The urge to make business operations more environmentally friendly is not new. For years now, industry bodies, governments, and even investors have been driving the idea that business can do better if it is more sustainable. COVID-19 underscored the truth of that notion: across various corporate indices, companies with higher ESG ratings have seen less impact on their performance. The FTSE UK 100 ESG Leaders Index, for example, fell 27.3 percent—but the FTSE UK 100 Index, which does not take ESG performance into account, fell 33.7 percent. In the Asia Pacific region, one study by HSBC found that companies focusing on climate issues performed 13.6 percent better than the regional index.
It takes sweeping corporate strategy and systemic policy change for a company to achieve that level of environmentally sound and sustainable practices. But there's no reason why broader business overhauls cannot be accompanied by smaller but equally meaningful actions at the workplace level. COVID-19 has provided a variety of opportunities and challenges in that respect: here are a few areas that stand out.
Cut back on the use of disposables and packaging
The need for increased hygiene means, unfortunately, the need for more disposables and more individual packaging, and in the workplace, this has manifested particularly at mealtimes. Food delivery or takeaway options help to keep employees safe as that they do not have to risk leaving the office to eat, but the amount of single-use food packaging has skyrocketed as a result.
Fortunately, there are several ways of addressing this. For a start, companies with larger offices can consider catering services rather than allowing employees to expense on-demand food delivery. Alessandro Voltolini, CEO and co-founder of online food catering marketplace SmartBite, told People Matters that this would definitely be a more environmentally friendly option. "On-demand food delivery is, by definition, much more intensive in wastage, since it specializes in providing a very small number of meals to one location in the shortest time possible," he explained. "For contract catering services, which deals in larger and recurring orders, there is a lot less plastic being used in the way they are prepared and packaged."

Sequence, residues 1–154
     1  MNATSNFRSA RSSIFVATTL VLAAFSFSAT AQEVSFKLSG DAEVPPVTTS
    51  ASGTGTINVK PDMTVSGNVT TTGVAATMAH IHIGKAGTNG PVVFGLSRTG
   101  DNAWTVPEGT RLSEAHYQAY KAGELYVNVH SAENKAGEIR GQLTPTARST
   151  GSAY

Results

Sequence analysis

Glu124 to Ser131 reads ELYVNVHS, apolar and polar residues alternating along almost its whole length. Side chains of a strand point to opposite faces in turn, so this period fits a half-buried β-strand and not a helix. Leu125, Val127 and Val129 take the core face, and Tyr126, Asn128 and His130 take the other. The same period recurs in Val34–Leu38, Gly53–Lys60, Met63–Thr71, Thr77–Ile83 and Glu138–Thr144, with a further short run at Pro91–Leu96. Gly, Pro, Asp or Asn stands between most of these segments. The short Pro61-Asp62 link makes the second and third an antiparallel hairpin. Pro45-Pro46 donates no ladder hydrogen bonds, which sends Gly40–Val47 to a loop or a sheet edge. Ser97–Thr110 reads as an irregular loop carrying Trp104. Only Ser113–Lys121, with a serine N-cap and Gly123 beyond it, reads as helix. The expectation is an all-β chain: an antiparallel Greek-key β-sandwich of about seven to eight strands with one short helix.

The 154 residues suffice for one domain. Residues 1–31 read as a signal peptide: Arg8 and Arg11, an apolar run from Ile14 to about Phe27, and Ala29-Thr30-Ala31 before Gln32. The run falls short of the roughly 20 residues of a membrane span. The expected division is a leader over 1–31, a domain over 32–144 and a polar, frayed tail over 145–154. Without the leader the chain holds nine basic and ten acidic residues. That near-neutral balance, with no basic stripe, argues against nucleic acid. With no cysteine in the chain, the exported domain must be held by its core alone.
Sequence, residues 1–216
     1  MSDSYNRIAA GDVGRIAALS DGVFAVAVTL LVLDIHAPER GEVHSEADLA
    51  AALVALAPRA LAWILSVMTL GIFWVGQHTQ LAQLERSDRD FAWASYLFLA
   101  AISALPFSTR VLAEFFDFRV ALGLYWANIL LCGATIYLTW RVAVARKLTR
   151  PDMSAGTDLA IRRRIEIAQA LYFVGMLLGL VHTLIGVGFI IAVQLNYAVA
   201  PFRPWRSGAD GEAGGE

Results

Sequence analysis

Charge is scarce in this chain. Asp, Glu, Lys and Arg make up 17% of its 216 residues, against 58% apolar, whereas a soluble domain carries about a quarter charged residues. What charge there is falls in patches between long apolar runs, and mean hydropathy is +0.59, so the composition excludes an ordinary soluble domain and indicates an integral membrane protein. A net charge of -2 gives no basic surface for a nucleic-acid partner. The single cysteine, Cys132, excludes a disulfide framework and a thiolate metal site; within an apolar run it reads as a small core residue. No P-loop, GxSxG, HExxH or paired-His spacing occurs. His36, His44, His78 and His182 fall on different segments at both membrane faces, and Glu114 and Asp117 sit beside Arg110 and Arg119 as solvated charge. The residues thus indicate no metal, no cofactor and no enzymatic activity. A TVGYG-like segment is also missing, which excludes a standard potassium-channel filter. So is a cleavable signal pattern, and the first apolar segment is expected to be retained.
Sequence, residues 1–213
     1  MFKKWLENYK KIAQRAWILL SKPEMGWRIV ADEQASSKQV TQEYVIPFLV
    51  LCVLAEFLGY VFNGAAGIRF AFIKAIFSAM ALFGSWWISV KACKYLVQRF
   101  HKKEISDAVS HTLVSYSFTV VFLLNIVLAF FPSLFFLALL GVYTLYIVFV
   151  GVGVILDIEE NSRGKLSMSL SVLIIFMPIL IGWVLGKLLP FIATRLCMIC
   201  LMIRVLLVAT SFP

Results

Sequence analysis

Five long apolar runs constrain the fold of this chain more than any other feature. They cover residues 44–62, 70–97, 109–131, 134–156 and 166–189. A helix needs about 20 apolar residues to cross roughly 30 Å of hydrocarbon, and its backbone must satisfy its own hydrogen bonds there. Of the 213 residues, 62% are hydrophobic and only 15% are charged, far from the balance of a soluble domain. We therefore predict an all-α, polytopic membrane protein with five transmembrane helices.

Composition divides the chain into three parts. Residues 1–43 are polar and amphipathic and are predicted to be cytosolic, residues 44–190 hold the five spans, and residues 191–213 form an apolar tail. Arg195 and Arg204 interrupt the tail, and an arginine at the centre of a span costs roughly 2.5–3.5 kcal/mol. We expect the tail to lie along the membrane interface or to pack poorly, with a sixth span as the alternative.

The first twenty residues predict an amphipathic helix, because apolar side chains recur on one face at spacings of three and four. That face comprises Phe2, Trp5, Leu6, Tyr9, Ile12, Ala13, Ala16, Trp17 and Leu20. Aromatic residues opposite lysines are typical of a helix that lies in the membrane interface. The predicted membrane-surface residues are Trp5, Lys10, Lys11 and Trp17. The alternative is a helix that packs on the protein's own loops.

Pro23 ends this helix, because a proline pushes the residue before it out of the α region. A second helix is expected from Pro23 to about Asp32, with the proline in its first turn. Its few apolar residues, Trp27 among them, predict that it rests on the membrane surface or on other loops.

Companies can also push the use of reusables rather than disposables—something that Voltolini says is already surprisingly common, with most employees preferring to use their own cutlery rather than the single-use plastic cutlery provided by caterers.
This can be further encouraged by creating an environment conducive to the use of reusables, according to Carlotta Wong, co-founder and managing director of green consumer goods company Lexngo. "A basic kitchen facility with heating equipment such as microwave, and cleaning basin is great to start," she said. On top of that, she suggested involving nearby food outlets to incentivize the use of reusables through discounts if possible—bearing in mind safety and hygiene considerations, of course.
"When an employer creates a positive green environment with a focus on using less, the employee will find a synergy to waste less, which not only has a positive spin-off on solely introducing reusables into the work environment, but also on critical thinking about the companies resources and its economical use," she said.
Take advantage of digitization to cut back on resource use